Bladder Press Operating Instructions

A bladder press, also called a water press or Idro press, uses water pressure from a garden hose to fill and
expand a rubber bladder inside the press. The expansion of the bladder presses the fruit. The bladder
expands uniformly and applies pressure against a larger surface area than a ratchet press, which results in
more juice extracted. It is much gentler to the grapes than a ratchet press, not imparting bitter tannins
from cracked seeds and over-pressed skins.
A bladder press is very efficient compared to a ratchet press. With one load in a 40L bladder press, the
whole process from setup to breakdown will take about an hour. One load- press & clean cycle takes around 20 minutes. The actual pressing time with a 40L press is about 10 minutes.

Bosagrape Winery & Brew Supplies sells a range of sizes of bladder presses.
Important Notes
 Please read the manual included with your press for complete safety information.
 You must use water to inflate the bladder. Do not use air – you will burst the bladder.
 Pressing is messy – don’t wear nice clothes! Reduce spattering by covering the press with a
heavy duty plastic press bag or similar cover.
 You may want to use a heavy-duty mesh bag inside the press basket to keep fruit pulp from squeezing through the holes in the basket.
 Store your press out of the sun. Exposure to sun may cause the bladder to become brittle.
Setting up the press:

  1. Set up the press on a flat and stable surface, in an area that
    can be easily cleaned with water.
  2. Make sure the press is clean before using. You don’t need to
    sanitize it, as you will be adding sulfite to the fruit after
  3. If you are using a mesh pressing bag, put it inside the SS
    basket, as close to the inner wall as possible to allow the
    most room for the fruit. Fold the top edge of the bag
    outward over the top edge of the basket to hold it in place.
  4. Grapes should be de-stemmed and crushed. Hard fruit like
    apples need to be shredded before pressing.
  5. Reassemble the press. Leave the lid off.
  6. Place a container under the press spout to collect the juice.
  7. Loading the press:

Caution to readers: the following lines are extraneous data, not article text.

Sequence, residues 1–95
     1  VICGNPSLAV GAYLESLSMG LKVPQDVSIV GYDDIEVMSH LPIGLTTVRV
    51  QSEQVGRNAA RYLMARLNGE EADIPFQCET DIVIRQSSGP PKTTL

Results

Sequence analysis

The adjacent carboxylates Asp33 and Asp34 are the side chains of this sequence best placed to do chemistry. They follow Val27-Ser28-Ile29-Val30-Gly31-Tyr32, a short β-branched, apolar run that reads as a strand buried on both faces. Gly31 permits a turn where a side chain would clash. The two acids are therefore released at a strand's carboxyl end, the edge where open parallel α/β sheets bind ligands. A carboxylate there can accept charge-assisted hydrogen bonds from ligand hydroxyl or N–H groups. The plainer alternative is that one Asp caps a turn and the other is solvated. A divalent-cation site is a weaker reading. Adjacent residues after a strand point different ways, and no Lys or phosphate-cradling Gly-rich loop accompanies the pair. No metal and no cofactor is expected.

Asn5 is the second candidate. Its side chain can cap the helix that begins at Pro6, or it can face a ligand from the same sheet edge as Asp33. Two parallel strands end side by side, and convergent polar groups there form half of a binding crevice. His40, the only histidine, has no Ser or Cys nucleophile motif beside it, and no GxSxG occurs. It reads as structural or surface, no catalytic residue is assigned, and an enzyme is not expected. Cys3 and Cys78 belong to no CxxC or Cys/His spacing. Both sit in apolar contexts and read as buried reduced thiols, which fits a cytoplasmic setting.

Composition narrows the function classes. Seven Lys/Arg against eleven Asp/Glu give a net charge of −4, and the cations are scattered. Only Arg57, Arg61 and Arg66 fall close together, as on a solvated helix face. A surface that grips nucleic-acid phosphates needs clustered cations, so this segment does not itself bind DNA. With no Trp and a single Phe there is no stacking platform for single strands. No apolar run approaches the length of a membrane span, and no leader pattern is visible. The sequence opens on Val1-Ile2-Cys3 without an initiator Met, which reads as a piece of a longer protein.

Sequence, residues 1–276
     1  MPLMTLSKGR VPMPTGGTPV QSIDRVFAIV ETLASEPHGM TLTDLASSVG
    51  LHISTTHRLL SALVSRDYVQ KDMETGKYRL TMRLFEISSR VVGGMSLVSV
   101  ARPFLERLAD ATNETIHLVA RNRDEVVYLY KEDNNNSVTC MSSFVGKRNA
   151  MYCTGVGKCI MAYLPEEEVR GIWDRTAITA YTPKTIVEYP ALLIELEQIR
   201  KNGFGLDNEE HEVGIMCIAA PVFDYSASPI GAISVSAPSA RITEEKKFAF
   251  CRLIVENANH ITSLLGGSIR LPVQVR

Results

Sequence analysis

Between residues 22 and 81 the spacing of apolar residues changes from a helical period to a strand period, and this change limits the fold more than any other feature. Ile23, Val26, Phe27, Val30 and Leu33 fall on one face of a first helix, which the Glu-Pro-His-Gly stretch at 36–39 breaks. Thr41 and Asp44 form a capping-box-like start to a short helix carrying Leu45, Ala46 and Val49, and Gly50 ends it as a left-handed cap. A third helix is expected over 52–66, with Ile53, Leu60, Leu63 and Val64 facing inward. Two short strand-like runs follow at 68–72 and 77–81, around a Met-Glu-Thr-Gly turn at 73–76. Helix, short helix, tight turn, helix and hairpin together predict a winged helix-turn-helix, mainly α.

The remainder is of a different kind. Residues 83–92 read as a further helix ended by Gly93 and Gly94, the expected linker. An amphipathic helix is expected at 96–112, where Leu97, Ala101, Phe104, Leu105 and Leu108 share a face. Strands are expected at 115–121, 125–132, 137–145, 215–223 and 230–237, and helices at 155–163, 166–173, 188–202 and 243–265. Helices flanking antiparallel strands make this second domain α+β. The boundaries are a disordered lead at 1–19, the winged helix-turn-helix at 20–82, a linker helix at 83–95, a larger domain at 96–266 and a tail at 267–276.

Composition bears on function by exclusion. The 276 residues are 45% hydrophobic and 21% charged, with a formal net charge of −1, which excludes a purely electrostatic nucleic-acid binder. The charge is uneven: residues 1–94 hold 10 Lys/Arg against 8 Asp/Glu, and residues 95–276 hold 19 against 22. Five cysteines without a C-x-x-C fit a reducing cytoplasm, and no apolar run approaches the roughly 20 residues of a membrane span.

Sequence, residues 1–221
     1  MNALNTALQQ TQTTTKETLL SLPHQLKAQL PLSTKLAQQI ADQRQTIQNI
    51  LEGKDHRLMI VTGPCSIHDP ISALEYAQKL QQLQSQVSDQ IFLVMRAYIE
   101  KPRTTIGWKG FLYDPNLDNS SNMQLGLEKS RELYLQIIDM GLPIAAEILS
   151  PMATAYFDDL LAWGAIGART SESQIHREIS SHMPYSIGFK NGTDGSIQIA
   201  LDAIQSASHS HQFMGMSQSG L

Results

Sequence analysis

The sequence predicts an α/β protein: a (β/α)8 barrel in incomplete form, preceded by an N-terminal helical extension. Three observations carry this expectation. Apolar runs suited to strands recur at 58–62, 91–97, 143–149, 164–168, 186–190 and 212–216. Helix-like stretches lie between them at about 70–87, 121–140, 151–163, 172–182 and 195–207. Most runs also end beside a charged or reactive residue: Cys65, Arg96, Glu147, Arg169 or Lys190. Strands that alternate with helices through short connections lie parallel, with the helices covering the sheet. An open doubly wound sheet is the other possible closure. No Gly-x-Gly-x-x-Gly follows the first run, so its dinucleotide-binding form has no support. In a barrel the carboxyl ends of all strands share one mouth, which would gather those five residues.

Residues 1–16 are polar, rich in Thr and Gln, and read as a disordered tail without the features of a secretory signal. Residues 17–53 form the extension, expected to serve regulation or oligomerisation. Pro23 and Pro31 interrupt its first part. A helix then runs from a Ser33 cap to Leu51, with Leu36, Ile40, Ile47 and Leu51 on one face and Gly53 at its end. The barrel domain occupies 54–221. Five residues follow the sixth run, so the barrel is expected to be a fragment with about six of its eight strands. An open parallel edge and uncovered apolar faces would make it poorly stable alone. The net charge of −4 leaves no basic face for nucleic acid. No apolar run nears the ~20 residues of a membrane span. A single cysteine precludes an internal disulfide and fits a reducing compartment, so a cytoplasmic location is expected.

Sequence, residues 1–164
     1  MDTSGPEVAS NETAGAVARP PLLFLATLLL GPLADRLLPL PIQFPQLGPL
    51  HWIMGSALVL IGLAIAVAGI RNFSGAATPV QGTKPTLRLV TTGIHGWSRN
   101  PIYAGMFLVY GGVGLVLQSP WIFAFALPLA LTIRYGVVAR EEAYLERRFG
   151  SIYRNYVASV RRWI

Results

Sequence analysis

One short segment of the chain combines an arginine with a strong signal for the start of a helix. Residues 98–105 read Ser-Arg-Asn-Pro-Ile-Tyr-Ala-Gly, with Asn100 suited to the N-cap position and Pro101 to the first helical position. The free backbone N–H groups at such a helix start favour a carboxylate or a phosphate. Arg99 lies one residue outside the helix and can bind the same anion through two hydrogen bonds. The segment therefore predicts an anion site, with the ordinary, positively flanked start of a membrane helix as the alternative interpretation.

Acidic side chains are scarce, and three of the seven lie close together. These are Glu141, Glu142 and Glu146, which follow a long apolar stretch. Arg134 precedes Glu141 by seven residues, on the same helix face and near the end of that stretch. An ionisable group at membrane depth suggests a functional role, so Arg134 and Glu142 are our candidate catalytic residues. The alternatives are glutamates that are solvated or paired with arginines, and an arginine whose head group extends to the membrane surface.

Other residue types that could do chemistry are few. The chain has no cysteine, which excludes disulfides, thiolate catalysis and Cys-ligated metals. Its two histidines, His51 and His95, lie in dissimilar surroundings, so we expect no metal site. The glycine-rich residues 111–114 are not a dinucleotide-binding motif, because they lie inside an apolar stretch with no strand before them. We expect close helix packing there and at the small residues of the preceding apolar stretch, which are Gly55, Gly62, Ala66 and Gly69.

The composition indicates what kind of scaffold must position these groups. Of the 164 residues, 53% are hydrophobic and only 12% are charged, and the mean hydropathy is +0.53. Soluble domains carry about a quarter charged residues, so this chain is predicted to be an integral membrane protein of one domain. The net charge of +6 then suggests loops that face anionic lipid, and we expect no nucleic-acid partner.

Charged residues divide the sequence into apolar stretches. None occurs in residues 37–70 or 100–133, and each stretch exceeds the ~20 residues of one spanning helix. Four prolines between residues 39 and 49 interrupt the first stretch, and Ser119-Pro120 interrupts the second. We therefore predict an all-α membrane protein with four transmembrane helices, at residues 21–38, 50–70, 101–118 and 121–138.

8. The basket needs to be full for each pressing cycle, or you risk bursting the bladder. Rice hulls can be added to the press if you don’t have enough fruit to completely fill the press.
  9. Fill the basket completely. Wait for the must to settle. Top up once or twice after must settles.
  10. If you are using a plastic pressing bag to reduce spattering, place it upside down over the press.
  11. Replace the lid and screw down the black handle.
  12. Attach the end of the hose with the quick connector to the press. Attach the other end to your
    water outlet.
  13. Open the air relief valve at the top of the press. Slowly turn on your tap. The bladder will start to
    fill with water. When water comes out of the air relief valve, you know that all the air has been
    pushed out of the bladder. Screw the air relief valve closed to begin expanding the bladder and
    pressing your fruit.
  14. Slowly let the bladder fill until the juice stops flowing. The pressure relief valve will open
    automatically if you exceed 3 bar pressure. Adjust your hose pressure at the tap.
  15. When no more juice is coming out (or when you no longer like the taste of the juice coming out),
    turn the water off.
    The best way to decide when to stop pressing is by taste rather than by pressure. With red wines, you can generally taste that the wine is becoming more astringent as more tannins are pulled from the skins. As a general guideline, most commercial wineries press to 1.5 to 2 bar (14 to 28 psi).
    After pressing:
    The skins and pulp will be pressed into a thin wall around the inside
    of the press, and will feel slightly moist but not wet.
  16. Open the emptying tap to drain the water from the bladder.
    You may want to collect the water for cleaning or for
    watering plants.
  17. Once the bladder is empty, remove the lid from the press.
    Remove the basket and clean out the skins and pulp. If you
    are pressing more fruit, don’t open the air valve. With the
    bladder contracted, there is more room for grapes.
    Cleaning the press:
  18. Take the press apart and remove all debris. Spray everything with a garden hose until clean.
  19. After the last press of the season, rub a small amount of vegetable oil on the rubber bladder to
    help it keep its elasticity. Your bladder will last longer

Previous post:

Next post: